Three and a half years after its introduction, the most stalwart of Kindle critics gives in not once, but twice.
I have not been very kind to Amazon and its Kindle platform.
Indeed, my issues with the company's flagship producton this blog go back to October of 2008, where I declared the device unfit for human consumption due to its very high "reduced" price at the time of $359.00, a mere $60 discounted off its full retail price since its introduction a year earlier.
My issues for the most part with the Kindle platform were not with the technology itself, but were in response to the high acquisition cost in relation to the expected consumption rate of e-book materials for the average consumer.
In the first in my series of "Kindle Economics" articles in November of 2008, where I set up an economic model for breaking even on the device investment by students and casual users, I postulated that the point at which just about everyone would be willing to jump in would be at about $125 to $150 per device.
So it would seem that unless the convenience factor of the Kindle currently outweighs its costs, the Kindle is not a huge value proposition for your average consumer today. But if its cost were to drop approximately in half, say, between the 3 and 4 book per month level at around $200 per unit, then we might start seeing greater e-book adoption by a larger segment of the population. At the two books per month level, it’s going to need to cost around $125.00 or $150.00 or so.
Things didn't get any better when the Kindle 2 first came out -- it was the same $359 as the previous model.
I was also annoyed because the device's ecosystem and AZW DRM encrypted .MOBI e-Book format remained completely closed and proprietary, and felt that the 3G components and service integrated into the unit contributed far too much to the Bill of Materials (BOM) which translated directly into high acquisition costs for the consumer.
But then something interesting started to happen. The Kindle started to drop in price. A lot. Down to $259.00, as part of an ongoing price-war with newly introduced direct market competitors such as the Barnes & Noble NOOK.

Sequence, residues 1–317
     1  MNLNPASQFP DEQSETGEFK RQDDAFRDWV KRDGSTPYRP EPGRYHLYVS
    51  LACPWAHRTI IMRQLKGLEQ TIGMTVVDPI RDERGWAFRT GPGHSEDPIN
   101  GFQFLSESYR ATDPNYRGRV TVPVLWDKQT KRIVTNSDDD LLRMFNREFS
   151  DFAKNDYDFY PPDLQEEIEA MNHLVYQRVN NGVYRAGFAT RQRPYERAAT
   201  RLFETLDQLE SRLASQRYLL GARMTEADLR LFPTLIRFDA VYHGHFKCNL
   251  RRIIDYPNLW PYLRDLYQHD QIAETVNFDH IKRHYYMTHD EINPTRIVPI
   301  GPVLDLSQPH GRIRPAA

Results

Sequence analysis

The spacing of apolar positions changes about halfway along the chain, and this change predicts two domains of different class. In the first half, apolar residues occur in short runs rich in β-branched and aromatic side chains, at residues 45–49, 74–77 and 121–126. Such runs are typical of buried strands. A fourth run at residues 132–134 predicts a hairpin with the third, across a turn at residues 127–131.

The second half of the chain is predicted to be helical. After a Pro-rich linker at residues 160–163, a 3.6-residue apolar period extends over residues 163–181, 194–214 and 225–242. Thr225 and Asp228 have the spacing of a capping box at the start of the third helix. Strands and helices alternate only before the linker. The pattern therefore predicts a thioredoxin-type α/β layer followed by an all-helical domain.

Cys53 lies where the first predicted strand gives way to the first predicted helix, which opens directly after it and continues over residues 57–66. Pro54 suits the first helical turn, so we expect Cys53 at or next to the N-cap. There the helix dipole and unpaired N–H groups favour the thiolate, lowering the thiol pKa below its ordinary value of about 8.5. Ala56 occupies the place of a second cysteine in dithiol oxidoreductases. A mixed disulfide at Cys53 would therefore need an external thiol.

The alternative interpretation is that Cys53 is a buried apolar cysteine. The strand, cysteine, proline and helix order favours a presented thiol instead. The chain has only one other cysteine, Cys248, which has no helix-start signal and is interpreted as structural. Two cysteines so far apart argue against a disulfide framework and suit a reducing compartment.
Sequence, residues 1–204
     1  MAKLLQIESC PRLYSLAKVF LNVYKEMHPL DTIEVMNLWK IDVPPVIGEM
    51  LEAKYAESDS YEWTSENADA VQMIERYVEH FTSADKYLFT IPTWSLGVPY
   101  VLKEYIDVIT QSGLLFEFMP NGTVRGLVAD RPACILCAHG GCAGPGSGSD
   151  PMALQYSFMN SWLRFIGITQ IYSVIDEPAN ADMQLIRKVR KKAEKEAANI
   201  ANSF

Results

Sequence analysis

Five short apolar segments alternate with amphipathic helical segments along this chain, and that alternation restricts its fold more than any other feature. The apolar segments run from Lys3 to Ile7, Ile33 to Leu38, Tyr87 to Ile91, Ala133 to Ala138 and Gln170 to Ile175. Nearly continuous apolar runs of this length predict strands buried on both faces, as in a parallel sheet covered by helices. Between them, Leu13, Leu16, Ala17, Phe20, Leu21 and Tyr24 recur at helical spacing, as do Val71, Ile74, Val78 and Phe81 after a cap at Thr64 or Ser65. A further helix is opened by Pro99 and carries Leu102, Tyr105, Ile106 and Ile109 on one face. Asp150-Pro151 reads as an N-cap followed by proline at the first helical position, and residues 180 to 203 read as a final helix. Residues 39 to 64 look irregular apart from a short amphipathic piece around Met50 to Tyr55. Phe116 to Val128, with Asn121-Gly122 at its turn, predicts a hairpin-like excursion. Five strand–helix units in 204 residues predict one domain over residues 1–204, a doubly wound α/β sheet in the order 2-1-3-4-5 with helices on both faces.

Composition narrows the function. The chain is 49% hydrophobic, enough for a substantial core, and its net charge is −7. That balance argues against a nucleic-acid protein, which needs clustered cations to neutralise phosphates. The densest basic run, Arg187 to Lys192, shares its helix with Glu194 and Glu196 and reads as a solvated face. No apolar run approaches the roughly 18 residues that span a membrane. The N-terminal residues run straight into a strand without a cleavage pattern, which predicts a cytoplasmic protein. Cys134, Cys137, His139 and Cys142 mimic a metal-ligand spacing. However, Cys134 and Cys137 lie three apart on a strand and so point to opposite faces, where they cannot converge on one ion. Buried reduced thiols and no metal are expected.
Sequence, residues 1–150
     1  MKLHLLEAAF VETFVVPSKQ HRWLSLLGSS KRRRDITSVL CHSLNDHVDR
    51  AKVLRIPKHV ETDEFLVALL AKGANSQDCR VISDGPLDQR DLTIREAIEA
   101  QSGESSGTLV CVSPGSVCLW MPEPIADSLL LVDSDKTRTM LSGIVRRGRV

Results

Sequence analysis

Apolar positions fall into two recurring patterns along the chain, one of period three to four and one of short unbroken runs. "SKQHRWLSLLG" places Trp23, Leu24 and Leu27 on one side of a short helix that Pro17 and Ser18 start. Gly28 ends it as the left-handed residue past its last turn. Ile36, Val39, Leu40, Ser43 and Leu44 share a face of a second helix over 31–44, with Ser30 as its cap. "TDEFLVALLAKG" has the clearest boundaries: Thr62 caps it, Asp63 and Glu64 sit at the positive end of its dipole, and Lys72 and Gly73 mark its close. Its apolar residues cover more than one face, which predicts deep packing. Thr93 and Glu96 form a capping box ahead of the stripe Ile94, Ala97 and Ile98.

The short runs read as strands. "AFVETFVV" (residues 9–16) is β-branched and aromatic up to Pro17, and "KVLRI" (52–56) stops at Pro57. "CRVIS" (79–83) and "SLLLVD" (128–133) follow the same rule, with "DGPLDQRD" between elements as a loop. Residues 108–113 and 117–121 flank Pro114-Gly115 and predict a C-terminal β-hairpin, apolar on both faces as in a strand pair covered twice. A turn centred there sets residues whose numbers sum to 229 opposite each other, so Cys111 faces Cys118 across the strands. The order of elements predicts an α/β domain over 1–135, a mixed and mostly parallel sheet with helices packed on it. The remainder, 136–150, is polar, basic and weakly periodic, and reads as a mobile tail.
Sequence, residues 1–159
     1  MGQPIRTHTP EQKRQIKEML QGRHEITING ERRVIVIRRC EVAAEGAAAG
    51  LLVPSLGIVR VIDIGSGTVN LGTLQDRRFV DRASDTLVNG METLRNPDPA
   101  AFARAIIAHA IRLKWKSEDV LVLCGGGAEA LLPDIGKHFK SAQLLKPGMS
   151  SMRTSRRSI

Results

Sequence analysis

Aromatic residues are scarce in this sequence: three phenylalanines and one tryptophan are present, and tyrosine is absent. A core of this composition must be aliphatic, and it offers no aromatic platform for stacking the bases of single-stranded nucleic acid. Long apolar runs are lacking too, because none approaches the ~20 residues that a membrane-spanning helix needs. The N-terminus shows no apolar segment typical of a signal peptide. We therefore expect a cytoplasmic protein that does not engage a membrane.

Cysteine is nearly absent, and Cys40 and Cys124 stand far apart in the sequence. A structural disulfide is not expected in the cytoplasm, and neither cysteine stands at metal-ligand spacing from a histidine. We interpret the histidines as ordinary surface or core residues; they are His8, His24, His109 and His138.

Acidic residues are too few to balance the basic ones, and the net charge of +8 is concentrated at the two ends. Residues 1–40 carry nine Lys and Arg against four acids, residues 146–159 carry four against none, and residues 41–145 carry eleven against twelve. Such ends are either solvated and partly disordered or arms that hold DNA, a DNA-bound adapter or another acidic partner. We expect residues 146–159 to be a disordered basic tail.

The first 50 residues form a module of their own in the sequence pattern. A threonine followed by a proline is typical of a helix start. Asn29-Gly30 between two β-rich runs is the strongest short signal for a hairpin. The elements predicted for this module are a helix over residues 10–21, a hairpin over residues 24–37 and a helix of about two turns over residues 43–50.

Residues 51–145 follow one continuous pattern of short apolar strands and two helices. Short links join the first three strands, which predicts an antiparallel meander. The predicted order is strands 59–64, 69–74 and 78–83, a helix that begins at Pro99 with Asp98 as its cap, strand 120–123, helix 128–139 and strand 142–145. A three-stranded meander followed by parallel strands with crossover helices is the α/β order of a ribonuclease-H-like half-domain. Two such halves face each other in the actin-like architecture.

Now, there's no question that much of this had to do with the introduction of the iPad, which dramatically altered the landscape for e-Reading devices. Amazon clearly wasn't going to keep the basic Kindle on the market at its going rate when full-blown tablet computers from Apple could be bought for a mere $500.
I wasn't completely sure where the bottom and that Zero Margin or Margin Floor exactly was, but it had to be very close to what manufacturing and marketing overhead was, which was probably around $100. As I said at the time:
I expect that around the same time in August of 2011, or maybe around the holiday season of next year we will indeed hit that $99.00 number for Wi-Fi eReaders. I believe Amazon is the only company that is able to stomach selling their device at margin or almost at a loss, because they can sell a ton of content on a ton of readers at that price. For a while, but not indefinitely.
We might even see this rock-bottom price surface earlier for “Prime” members who pay the $80 a year privilege of getting free 2-day shipping on virtually everything in Amazon’s inventory, or for new Amazon credit card sign-ups. At $99, as a Prime member, even I would have to say uncle and call it a no-brainer.
Well, it's nearly June of 2011, just two months short of August. Amazon didn't exactly hit my magic $99.00 number, but they got very, very close -- "="" version"=""> that also acts as an Amazon product marketing mechanism.
That exact pricing/cost offset scenario did not occur to me, and it is indeed a brilliant move on Amazon's part. But be it as it may, $114.00 is right within that two book per month "casual reader" zone I talked about in my original Kindlenomics article back in 2008 that makes the Kindle a viable purchase for even some of the biggest holdouts.
We've come full circle. Today, I ordered not one, but two Special Offer Kindle 3's. Why?
It would seem that the next logical step would be to allow for end-users to upload their own EPUB content to their Kindles as well -- although unencrypted EPUB can already be converted to .MOBI, which the Kindle supports natively, using tools such as Calibre.
Additionally, Amazon has added personal lending and has announced Kindle Library Lending capability which will be available later in 2011. That should be pretty nice, as I have a bunch of friends with Kindles that I'd like to exchange books with and I'd like to not have to buy every book I read on the device.
Three and a half years after the Kindle's release, I finally yield to my new Amazon eBook masters. Praise Beezus, Hallelujah.